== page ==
A new K-State Research and Extension report shows how wheat varieties fared in combatting diseases and insects this year.
MANHATTAN, Kan. – Wheat producers know that diseases and insects can considerably decrease yields and economic returns. K-State Research and Extension plant pathologist Erick De Wolf said 2015 was a big year for diseases—including widespread stripe rust, leaf rust and head scab—affecting the Kansas wheat crop.
Each year, De Wolf and other Kansas State University experts in plant pathology and entomology compile a report that rates major hard red winter wheat and hard white winter wheat varieties on how resistant they are to common diseases and pests. Wheat growers can use this report in the next few weeks and months when selecting varieties to grow for next year’s crop.
To rate these varieties, De Wolf travels Kansas surveying them for diseases at 35 to 40 locations, including those involved in county demonstrations, wheat plot tours and variety performance tests. Additional data to form the ratings comes from his colleagues at K-State and the U.S. Department of Agriculture, who expose varieties to different diseases in research nurseries to assess performance.
“Wherever possible, we’re evaluating for stripe rust, leaf rust and tan spot, among other diseases,” De Wolf said. “We capture data throughout the state, beginning southeast to northwest.”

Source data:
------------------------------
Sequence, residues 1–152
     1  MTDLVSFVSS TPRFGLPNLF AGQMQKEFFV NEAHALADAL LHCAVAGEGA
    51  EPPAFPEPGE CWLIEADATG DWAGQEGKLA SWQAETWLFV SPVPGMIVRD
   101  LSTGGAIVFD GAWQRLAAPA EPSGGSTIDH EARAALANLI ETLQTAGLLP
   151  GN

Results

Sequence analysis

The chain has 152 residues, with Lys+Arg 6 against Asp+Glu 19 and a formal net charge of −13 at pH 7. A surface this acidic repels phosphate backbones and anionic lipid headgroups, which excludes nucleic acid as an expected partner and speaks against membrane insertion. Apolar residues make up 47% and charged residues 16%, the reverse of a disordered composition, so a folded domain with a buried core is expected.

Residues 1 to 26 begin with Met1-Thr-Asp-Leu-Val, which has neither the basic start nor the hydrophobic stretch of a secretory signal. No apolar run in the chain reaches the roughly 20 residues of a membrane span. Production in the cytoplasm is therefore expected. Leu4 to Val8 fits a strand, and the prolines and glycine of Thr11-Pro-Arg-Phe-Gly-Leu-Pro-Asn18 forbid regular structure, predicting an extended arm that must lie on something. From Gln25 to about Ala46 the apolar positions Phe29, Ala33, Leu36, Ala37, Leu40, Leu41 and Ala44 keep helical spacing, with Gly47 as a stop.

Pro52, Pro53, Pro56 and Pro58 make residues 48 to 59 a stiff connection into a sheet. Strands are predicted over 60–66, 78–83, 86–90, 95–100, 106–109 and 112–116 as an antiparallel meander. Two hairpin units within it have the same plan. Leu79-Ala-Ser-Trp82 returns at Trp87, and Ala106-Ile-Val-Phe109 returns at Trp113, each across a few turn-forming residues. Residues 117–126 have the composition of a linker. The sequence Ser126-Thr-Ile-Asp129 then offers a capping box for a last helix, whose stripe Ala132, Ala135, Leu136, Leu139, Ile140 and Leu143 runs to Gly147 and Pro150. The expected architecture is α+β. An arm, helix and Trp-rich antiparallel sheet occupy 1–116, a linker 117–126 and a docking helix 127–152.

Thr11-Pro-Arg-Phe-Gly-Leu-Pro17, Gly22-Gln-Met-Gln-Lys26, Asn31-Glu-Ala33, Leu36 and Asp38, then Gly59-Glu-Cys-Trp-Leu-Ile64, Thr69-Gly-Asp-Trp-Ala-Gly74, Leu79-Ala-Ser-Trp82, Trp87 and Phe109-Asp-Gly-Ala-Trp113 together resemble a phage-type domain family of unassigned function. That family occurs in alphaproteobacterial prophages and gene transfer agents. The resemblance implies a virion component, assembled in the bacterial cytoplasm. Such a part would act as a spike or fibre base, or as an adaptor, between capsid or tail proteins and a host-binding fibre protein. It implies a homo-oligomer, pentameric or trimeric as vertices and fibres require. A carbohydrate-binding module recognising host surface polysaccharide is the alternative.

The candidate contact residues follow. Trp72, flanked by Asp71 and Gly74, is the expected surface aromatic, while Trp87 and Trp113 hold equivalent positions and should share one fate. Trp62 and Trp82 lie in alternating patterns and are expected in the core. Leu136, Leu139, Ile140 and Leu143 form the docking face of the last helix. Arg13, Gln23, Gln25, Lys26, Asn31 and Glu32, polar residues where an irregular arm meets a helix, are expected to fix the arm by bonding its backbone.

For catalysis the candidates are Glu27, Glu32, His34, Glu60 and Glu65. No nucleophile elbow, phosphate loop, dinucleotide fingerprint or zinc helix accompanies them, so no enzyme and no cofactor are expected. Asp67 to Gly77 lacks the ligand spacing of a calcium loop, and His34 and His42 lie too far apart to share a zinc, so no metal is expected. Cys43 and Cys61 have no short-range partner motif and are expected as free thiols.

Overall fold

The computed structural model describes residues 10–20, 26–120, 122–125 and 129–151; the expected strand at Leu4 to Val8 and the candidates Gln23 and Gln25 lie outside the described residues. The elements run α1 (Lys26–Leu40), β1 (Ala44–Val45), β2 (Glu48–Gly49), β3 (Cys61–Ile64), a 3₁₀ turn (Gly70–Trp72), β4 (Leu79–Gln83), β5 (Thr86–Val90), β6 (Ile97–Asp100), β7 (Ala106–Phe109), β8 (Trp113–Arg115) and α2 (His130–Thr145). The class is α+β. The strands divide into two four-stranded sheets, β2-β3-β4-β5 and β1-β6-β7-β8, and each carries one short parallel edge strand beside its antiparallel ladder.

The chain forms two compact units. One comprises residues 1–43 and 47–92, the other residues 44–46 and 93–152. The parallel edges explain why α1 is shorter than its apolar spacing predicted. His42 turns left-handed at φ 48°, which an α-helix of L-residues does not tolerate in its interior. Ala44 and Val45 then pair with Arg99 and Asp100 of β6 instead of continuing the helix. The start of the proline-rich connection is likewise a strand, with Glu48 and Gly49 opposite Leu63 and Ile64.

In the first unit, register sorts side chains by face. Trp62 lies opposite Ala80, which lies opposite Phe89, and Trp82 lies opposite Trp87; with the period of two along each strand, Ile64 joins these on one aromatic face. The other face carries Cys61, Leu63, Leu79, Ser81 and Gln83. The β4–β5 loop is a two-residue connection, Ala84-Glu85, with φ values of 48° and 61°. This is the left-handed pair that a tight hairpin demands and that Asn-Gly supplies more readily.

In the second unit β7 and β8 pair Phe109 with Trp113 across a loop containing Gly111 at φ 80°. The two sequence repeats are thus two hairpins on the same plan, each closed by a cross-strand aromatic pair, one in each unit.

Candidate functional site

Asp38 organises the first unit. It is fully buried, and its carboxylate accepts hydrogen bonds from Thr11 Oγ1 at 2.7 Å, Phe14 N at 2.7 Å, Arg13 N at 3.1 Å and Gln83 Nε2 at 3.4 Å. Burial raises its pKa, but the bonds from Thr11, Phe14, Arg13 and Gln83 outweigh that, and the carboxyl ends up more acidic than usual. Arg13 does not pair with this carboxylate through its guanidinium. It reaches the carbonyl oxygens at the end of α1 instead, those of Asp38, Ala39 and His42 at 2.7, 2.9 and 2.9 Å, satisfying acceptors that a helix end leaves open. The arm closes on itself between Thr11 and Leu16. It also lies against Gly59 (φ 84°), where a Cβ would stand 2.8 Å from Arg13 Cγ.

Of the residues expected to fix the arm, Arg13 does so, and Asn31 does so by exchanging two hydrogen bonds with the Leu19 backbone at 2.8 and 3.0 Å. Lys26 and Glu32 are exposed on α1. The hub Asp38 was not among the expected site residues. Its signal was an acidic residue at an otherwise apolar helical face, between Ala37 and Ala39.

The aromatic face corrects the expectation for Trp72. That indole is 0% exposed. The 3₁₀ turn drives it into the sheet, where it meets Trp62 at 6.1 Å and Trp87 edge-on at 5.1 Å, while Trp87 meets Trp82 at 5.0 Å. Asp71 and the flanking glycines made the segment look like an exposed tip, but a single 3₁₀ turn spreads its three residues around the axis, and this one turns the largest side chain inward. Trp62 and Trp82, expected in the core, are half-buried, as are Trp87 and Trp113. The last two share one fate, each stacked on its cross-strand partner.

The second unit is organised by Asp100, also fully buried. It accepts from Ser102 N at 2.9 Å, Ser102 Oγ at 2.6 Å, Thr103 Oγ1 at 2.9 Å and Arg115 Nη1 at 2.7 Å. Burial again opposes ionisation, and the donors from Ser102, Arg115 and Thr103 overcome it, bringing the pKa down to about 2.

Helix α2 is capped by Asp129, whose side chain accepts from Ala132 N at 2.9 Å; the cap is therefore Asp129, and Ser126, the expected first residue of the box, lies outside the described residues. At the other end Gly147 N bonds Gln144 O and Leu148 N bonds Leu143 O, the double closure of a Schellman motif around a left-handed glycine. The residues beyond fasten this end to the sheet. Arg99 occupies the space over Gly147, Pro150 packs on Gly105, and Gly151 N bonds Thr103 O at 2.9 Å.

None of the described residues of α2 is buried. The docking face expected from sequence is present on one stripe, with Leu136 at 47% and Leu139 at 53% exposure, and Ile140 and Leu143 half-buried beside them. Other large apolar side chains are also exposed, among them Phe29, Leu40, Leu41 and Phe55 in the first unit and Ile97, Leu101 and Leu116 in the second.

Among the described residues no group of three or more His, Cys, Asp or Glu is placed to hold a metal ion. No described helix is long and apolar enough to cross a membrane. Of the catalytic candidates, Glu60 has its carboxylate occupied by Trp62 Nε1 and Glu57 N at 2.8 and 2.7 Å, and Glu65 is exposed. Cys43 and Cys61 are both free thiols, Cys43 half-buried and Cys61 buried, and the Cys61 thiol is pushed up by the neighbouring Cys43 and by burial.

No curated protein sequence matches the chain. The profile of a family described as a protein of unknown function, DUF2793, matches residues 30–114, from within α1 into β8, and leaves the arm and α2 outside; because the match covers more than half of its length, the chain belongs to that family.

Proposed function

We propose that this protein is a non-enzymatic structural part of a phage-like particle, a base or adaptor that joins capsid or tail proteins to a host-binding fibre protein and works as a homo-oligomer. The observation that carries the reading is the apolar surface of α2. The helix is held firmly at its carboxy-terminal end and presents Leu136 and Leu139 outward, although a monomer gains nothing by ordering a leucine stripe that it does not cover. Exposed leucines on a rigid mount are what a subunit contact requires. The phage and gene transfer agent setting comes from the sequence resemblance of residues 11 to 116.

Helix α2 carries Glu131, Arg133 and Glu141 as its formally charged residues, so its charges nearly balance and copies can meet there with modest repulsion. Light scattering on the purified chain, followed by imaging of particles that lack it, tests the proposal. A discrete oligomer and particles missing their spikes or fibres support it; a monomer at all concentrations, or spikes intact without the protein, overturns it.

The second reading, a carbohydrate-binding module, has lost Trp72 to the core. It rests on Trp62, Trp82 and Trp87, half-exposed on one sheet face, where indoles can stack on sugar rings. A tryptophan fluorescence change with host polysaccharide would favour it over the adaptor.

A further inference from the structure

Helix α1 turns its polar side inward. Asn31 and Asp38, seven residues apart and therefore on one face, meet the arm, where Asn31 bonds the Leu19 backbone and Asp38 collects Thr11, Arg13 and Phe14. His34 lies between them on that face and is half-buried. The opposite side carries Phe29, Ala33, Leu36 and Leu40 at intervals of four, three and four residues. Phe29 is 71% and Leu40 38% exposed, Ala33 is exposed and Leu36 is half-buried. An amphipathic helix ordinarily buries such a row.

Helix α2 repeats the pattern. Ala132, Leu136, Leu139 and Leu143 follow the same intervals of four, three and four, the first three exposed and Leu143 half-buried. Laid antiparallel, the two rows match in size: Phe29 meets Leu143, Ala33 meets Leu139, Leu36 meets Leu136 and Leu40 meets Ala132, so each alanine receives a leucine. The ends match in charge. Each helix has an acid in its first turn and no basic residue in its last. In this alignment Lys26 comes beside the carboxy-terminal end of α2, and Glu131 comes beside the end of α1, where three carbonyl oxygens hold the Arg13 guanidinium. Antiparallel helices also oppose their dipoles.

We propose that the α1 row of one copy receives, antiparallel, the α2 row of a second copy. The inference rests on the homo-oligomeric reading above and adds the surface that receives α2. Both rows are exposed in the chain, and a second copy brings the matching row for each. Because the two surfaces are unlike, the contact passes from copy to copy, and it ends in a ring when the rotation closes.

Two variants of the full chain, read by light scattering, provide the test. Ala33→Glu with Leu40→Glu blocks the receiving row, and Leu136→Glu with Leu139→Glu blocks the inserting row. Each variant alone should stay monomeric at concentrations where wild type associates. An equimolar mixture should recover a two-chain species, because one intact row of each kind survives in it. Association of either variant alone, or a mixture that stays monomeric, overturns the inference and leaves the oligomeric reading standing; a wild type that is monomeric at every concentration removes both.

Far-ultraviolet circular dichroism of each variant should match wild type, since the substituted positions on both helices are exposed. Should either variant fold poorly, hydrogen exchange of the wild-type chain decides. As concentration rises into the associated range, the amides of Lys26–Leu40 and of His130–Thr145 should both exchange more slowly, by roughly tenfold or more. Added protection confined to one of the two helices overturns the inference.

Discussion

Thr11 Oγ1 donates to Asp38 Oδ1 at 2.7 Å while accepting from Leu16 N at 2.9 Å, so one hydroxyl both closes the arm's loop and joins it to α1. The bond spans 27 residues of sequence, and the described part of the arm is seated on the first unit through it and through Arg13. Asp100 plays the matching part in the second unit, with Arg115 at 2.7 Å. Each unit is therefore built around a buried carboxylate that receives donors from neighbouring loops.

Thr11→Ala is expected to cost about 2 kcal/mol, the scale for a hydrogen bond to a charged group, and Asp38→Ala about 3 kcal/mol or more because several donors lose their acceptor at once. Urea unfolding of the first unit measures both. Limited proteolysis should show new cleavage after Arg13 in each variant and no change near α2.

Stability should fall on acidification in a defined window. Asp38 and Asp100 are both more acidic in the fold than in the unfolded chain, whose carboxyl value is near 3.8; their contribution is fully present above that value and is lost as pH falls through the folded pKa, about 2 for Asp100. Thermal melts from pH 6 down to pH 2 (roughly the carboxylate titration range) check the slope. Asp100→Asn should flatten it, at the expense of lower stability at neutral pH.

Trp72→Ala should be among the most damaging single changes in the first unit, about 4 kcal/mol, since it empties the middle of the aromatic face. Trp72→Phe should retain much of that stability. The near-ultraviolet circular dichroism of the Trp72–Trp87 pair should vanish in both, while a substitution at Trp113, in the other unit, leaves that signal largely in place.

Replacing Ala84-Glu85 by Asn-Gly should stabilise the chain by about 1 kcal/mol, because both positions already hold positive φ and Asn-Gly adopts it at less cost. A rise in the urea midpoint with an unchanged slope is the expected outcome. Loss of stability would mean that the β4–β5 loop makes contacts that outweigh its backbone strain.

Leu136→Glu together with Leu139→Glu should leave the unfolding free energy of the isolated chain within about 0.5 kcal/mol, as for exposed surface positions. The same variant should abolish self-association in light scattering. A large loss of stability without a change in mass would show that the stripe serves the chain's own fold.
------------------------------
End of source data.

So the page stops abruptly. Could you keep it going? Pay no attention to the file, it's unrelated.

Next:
Each variety is rated as a single number for each disease or insect on a scale from 1 to 9, with the higher number meaning higher susceptibility. Therefore, lower numbers are desired.
In the report, producers can find ratings for both new and long-term varieties, such as Jagger 2137 and Karl 92.
“As we add new varieties to the list, we’re always looking for information to try to fill in the gaps from the initial information when the variety was released,” De Wolf explained. “Is that still accurate? Is that representative of what we see in more locations and acres? With more experience with (each new variety), we can update that information.”
Another reason for yearly ratings, De Wolf said, is due to natural changes in the pathogen population and how the varieties react. Stripe rust, leaf rust and stem rust ratings tend to be more volatile and can show extreme differences from year to year. Fortunately, the ratings to stripe rust were relatively stable this year, with just a few exceptions on newer varieties.
De Wolf added that while stripe rust was the No. 1 disease priority statewide for 2015, the Hessian fly was the most common pest issue for the year.
Producers can access the “Wheat Variety Disease and Insect Ratings 2015” publication online through the K-State Research and Extension Bookstore or at their local extension office.